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Thread: SAA Artillery where do I start

  1. #11
    Senior Member bearcat6 is on a distinguished road

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    The "Artillery" revolvers were refurbished Cavalry revolvers that had their barrels cut from 71/2 inches to 51/2 inches. During this re build process parts just went into bins and when the guns were reassembled the parts were mixed up so that is why these guns had several different numbers. DFC stands for David F. Clark an army inspector. The A is for Ainsworth another inspector who did most of the very early guns. There is a very good book about these guns by John Kopec, For a fee he will also authenticate cavalry or artillery revolvers. This service is necessary because the price of these guns has made for a huge amount of fakery.

  2. #12
    Senior Member Rick is on a distinguished road

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    From the pics, the gun looks legit to me with the exception of possible replaced grips. I like the early frame and t.g. numbers.

  3. #13
    Senior Member quietman is on a distinguished road

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    My avatar is a like gun. Your's looks just like mine. I love the worn look. With a magnifying glass you may be able to find initials stamped on the grips. Mine has a very small DFC for David F. Clark.
    Live in such a way that you would not be ashamed to sell your parrot to the town gossip.Will Rogers

  4. #14
    Junior Member DMike is on a distinguished road

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    I have not really examined the grips very well. They do look worn to the same extent as the rest of the gun and they have a very settled in , fitted look. Most of the wear seems to fit service type use, overall it has a pleasing historical appearance. I am interested to find out more, the seller recalls conversations about the gun being associated with the NY"National Guard" she calls it.

  5. #15
    Senior Member Rick is on a distinguished road

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    It's possible Colt has a second shipping address for this gun. Some artillerys do. 'Course it'll cost you to find out. I checked some research books I have from Springfield Research Service and your frame number is not listed.

  6. #16
    Junior Member DMike is on a distinguished road

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    I talked to Colt today and gave them the frame , cylinder and trigger guard numbers, they had no record of any them. In the springfield scenario, what are the chances that one gun would end up with all 3 and 4 digit serial numbers when reassembled. As the family history of this gun develops it appears that the oldest traceable owner was in new york his entire life. Born in 1890 Died 1970.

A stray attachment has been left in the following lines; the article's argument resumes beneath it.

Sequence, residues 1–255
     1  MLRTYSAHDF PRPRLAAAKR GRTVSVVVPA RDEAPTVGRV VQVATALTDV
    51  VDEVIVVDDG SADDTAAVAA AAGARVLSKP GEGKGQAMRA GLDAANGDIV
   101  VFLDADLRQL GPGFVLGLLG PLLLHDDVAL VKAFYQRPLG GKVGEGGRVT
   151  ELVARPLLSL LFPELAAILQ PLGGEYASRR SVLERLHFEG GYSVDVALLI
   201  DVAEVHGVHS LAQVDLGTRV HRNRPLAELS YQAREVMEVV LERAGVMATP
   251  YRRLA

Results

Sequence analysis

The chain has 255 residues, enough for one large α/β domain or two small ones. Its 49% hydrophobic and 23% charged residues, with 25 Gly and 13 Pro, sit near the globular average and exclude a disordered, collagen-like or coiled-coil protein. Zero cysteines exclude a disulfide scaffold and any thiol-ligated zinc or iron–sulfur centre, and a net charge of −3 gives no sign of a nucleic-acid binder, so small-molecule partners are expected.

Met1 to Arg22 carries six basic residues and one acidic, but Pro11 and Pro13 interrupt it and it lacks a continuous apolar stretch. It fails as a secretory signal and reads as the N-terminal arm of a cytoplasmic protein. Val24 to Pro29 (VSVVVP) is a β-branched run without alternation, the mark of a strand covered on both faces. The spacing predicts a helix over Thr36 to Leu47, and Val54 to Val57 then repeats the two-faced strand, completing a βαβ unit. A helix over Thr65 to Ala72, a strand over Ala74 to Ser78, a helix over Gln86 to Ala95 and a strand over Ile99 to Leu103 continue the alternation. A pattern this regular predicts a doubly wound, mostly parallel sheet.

7. #17
    Senior Member wraco is on a distinguished road

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    Quote Originally Posted by DMike View Post
    This also came with it, maybe this will help date it.
    Not much to tell from the belt other than the Colt 45 Winchester cartridge is Smokeless powder. . The "W' on the primer indicates this.

    Rod

  8. #18
    Supporting Member Blackjack33 is on a distinguished road
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    Inspect the frame number very carefully. If it is "978" it would be in the first lot of 1,000 manufactured for the Cavalry, shipped September 2, 1873. Remove the grips and look in the channel on the back where the grip strap fits. You may find a serial number written in India ink if they are original Cavalry grips. It probably isn't inconceivable that all the parts would bear early numbers if it was part of a large batch of early guns that were recalled and refurbished, but it is unusual. Often, the frame and gripstrap were left together and thus carried the same serial number when refurbished. They did that because it kept the "fit" of the grips together. I would be concerned if Colt has no record of the revolver having been refurbished around the turn of the century and no record of any of the revolvers that carried the original serial numbers. I'm not aware of any breaks in the records of the refurbishing of Artillery revolvers, but someone may correct me.

    If it were mine, I would start out with a Colt letter. Let Colt do the research and if they find no records for the frame number (the only number they will research), they should refund your $100 fee. If you go this route, be sure and request the original record and, as Rick suggests, tell Colt to look for a "second record", which would verify that the gun was refurbished to "Artillery" configuration for use in the Spanish-American War or Phillipine Insurrection.
    Last edited by Blackjack33; 01-23-2013 at 07:26 AM.

  9. #19
    Senior Member dogface6 is on a distinguished road

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    Springfield Armory also refinished them - like Colt, they shortened/fitted 5 1/2" barrels, installed new grips and refinished them overall.

    This would be the 'real' Springfield Armory - the one in Massachusetts, and not the one going by that name in Illinois...

  10. #20
    Supporting Member what would you say is on a distinguished road
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    Nice looking Artillery, DMike. I hope it turns out to be the real deal authentic piece. Nice photos.


 

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